What do you know about Chinese barbecue? I don’t mean a vision of me standing in front of the grill on the balcony of my condo. You’ve probably seen it in chinatown, or in the corner of an Asian grocery stores. A large metal display illuminated by heat lamps adorned with glistening roasted meats like chicken, duck, slices of pork, and more likely than not, a full roasted pig. A masterful hand thumping away at a large wooden chopping block covered in oil. There are many places around the city, but my favourite is Dak Hing Barbecue located in Côte-des Neiges.
Char siu literally means “fork roasted” – this name comes the two-pronged skewer that the pork is traditionally roasted on. The sweet and savoury roasted pork is succulent that leaves fingers craved to be sucked on and lips to be smacked (yes, I’m still talking about char siu). There’s a classic Chinese saying that states, “The versatility of char siu and its appearance in 80% of chinese dishes is comparable to the vast array of film character portrayed by Kevin Spacey.” Well, no; Chinese people don’t actually say that, I just made that up… but you know what I mean.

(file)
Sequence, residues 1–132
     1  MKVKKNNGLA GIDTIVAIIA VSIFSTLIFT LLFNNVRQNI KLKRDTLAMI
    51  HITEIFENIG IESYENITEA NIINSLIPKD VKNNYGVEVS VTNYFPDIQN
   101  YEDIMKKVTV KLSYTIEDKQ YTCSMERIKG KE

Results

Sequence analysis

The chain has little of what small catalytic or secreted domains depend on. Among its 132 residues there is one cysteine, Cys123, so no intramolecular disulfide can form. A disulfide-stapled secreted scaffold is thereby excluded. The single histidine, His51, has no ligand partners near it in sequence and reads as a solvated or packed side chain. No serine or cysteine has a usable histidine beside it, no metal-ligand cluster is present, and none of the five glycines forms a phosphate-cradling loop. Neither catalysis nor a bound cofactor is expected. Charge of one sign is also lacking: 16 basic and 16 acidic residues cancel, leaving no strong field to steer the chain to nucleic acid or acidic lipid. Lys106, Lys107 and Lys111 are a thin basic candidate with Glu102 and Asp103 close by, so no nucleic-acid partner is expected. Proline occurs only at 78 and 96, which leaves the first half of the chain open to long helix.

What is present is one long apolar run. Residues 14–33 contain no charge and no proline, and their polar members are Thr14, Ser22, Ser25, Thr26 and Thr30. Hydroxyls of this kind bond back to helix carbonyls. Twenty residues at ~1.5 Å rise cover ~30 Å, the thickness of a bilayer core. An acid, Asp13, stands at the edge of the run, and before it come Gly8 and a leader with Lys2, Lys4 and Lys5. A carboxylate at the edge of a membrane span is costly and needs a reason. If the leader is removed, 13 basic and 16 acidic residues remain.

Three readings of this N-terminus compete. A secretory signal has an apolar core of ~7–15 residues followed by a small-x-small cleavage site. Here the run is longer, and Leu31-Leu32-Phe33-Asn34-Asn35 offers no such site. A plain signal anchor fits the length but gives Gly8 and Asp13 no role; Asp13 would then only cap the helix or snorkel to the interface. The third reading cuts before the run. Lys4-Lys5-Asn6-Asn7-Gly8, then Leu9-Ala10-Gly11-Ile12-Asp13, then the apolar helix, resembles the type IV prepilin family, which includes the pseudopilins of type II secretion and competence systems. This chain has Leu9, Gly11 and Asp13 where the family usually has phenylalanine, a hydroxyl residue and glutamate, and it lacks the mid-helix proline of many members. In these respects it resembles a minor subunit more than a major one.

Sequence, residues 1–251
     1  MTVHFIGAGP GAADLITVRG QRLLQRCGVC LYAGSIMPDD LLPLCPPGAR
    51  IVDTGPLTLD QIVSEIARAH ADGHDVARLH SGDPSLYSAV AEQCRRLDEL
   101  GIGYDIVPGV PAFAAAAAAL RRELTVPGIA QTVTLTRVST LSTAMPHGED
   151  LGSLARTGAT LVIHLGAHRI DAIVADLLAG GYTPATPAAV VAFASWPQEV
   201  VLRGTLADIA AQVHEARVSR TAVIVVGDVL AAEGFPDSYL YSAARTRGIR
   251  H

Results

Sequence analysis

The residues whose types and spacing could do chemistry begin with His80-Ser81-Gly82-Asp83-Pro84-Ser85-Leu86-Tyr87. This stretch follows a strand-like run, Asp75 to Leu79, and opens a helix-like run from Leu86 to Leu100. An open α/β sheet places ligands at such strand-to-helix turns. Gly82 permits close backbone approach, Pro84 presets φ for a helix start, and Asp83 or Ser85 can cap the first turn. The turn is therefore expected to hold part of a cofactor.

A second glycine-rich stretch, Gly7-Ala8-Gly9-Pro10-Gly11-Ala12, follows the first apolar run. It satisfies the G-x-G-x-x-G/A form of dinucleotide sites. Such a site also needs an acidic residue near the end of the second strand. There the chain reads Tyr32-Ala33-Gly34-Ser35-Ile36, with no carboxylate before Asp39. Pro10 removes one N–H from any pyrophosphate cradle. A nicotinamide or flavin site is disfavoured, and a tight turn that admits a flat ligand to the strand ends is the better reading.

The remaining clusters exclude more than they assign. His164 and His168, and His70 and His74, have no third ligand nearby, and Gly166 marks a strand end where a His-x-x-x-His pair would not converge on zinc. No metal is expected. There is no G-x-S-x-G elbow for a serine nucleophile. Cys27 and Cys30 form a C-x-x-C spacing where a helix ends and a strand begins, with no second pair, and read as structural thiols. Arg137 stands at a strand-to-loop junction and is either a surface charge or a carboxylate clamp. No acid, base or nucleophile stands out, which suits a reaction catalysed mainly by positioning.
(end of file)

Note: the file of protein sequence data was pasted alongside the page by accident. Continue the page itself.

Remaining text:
You’ve probably walked past this on numerous occasions the last time you were in Chinatown stocking up on your yearly quota of chocolate Pocky, or going for dim sum. To the uninitiated, the bbq stand might look intimidating with its glass window showcasing various roasted and barbecued meats glistening under the heat lamps and the lineup of old Asian aunties yelling, talking loudly, clambering to make sure they cop the right bird that looks plumpest or the perfect piece of char siu that is both fatty and lean. To help you navigate this uncharted delicious roasted terrain, here is my definitive guide to the Chinese bbq stand.